“The NBA is a business, after all.” This is the catch-all phrase that we use as fans to rationalize the heartless decisions made by the decision makers. But players who choose to leave for a better opportunity are met with derision, and sometimes outright hate.
Like many of you, I really first read about Durant’s free agency decision to join the Golden State Warriors in his own words from his piece in the Player’s Tribune. It was a nice break from the usual journalism coverage because I opened the website and was immediately reading Durant’s thoughts. It was neat and made the tumultuous offseason move feel a little bit more personal. Even as the league and fans alike freaked out all over the place, it was cool knowing where Durant stood and what his rationale was.
This year, it’s been an equally crazy offseason in the NBA. From Superstars like Paul George and Gordon Hayward changing conferences, to Chris Paul leaving Lob City in order to play alongside James Harden in Houston - we have seen more than our fair share of tumult over the summer. Arguably, no move was crazier than the trade that swapped the starting point guards of the top two teams in the East for each other.
And because it was a trade rather than a Free Agency move, fans generally accepted it.
Isaiah Thomas was traded away from the Celtics mere months after going down in history as their leading scorer in a regular season - surpassing the legendary Larry Bird and Paul Pierce in the process. It was a shocking move, to put it mildly.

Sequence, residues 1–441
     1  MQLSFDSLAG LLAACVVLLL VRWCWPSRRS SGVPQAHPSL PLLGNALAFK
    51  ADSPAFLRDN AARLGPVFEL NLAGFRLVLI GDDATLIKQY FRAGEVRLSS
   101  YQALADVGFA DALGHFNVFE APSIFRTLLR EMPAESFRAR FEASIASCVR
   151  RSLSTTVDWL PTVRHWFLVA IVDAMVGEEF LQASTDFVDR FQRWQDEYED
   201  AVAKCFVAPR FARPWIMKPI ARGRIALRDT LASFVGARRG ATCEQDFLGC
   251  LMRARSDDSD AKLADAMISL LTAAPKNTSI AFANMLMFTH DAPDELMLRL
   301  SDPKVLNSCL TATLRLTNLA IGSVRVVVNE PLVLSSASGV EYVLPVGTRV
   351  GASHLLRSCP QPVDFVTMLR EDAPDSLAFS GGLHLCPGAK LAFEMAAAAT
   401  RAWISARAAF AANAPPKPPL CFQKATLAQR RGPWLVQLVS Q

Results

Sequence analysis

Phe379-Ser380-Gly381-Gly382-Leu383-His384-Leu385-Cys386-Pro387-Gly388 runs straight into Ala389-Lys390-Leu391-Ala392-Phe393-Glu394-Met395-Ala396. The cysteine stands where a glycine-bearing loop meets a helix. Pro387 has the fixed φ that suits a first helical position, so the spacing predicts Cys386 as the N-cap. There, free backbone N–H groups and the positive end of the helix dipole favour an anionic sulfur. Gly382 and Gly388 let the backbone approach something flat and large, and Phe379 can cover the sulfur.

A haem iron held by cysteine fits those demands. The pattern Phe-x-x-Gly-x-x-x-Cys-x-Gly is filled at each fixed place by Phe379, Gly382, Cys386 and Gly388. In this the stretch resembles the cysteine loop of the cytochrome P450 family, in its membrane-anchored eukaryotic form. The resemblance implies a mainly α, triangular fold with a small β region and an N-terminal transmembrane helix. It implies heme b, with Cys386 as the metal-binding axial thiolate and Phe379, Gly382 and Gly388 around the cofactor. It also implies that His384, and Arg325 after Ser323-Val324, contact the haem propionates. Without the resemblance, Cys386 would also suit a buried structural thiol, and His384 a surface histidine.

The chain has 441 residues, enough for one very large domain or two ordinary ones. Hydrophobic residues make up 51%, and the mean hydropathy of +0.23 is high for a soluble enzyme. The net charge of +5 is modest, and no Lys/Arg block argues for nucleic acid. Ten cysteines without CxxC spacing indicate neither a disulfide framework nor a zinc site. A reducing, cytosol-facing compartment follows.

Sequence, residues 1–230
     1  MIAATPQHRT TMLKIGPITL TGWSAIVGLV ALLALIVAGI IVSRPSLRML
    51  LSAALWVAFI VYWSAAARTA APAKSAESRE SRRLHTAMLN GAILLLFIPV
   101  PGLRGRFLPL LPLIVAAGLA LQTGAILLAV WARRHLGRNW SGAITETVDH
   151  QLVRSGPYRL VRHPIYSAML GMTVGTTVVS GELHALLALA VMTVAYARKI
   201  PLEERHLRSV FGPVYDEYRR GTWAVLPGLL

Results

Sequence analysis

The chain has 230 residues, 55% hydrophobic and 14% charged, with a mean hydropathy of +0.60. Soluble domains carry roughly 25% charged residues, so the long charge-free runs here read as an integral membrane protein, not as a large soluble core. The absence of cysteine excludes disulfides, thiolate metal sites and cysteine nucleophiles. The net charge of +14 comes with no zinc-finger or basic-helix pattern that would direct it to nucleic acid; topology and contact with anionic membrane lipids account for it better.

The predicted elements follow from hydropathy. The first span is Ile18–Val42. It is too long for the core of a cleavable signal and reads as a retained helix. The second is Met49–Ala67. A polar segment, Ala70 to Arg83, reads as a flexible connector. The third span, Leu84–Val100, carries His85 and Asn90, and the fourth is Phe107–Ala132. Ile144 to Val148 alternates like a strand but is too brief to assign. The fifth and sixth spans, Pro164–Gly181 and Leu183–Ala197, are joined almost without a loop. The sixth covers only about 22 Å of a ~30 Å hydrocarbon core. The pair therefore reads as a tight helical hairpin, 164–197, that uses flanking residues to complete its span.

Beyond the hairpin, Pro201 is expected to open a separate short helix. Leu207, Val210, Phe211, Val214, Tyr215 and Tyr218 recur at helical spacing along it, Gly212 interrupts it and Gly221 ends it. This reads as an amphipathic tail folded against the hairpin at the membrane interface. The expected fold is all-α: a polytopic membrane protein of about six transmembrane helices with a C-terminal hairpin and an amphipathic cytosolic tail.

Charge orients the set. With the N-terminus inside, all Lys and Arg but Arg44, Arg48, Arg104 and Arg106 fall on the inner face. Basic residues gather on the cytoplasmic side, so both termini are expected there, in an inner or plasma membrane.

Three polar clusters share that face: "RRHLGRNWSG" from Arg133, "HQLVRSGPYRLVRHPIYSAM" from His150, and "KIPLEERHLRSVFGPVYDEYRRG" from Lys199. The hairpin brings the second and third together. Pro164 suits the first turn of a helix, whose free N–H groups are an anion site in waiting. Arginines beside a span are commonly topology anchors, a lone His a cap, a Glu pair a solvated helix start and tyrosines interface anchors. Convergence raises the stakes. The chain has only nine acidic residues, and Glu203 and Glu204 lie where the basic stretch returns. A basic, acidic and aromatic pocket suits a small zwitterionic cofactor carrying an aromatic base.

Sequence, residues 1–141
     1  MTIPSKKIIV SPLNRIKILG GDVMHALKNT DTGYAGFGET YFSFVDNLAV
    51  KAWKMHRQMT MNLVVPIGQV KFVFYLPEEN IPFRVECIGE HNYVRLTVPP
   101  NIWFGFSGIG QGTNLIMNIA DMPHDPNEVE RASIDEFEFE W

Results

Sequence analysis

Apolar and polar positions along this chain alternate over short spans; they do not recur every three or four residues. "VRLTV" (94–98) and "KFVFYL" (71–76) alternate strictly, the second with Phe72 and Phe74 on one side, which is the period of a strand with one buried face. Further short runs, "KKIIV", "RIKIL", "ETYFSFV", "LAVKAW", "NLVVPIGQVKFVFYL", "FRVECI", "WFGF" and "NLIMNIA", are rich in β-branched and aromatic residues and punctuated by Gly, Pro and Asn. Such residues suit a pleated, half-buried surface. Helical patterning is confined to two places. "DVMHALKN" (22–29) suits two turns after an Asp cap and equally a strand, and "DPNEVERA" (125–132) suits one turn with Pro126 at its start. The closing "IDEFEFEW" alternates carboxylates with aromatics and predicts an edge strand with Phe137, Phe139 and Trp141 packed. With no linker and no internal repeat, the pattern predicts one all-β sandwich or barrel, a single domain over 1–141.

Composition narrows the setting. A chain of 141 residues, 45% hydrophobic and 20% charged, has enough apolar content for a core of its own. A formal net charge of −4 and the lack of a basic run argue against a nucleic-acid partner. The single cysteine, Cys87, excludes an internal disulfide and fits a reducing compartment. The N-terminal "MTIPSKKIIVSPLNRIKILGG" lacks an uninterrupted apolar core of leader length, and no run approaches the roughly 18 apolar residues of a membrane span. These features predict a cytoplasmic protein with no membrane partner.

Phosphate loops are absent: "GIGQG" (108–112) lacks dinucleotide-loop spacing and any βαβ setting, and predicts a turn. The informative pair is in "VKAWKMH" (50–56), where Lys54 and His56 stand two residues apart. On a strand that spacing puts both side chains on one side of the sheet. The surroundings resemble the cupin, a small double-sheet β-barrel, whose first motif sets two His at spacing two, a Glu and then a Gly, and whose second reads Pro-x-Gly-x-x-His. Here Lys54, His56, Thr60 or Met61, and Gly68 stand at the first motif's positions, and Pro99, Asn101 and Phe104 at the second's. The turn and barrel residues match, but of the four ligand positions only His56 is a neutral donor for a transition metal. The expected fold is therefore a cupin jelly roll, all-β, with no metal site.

And while it changed the landscape in the Eastern conference, the change in the landscape of public perception of Durant may be more lasting.
All season, Durant was mocked. They called him a cupcake. Cowardly. Mocked him for taking the “easy” way out.
The best part? Durant and the Warriors took the jab and turned it into a counter punch. The team posted images of themselves in the mocking cupcake shirts (after beating the Thunder at home, by the way), and Durant even went as far as wearing a custom hat with a cupcake topped with a championship ring after winning it all.
And it still goes on. Have you seen the video below? In it, Durant makes delicious red velvet cupcakes with Tasty - but listen to the voiceover:
Durant handles himself very well here. Rather than spinning the negativity, he says he sees it as a positive. Pointing towards the passion of the fans, he talks about the role of his teammates and the eventual championship had in his journey through all the criticism. And at the end, he switches it back to himself. “Everything was in question, my character, why I decided to make this decision...it came from me and I’m still the same person.”
Isaiah Thomas’ article in the Player’s Tribune mentions Durant by name
The Player’s Tribune is a really brilliant idea - instead of analyzing sports from the outside, it gives the actual professional athletes a chance to get their voice heard by a large audience. Unadulterated by inane interview questions or external voices these athletes really shine through. As we saw with Durant, Isaiah Thomas is more than up for the challenge of writing a compelling piece - filled with perspective and insight that us regular folks just don’t have.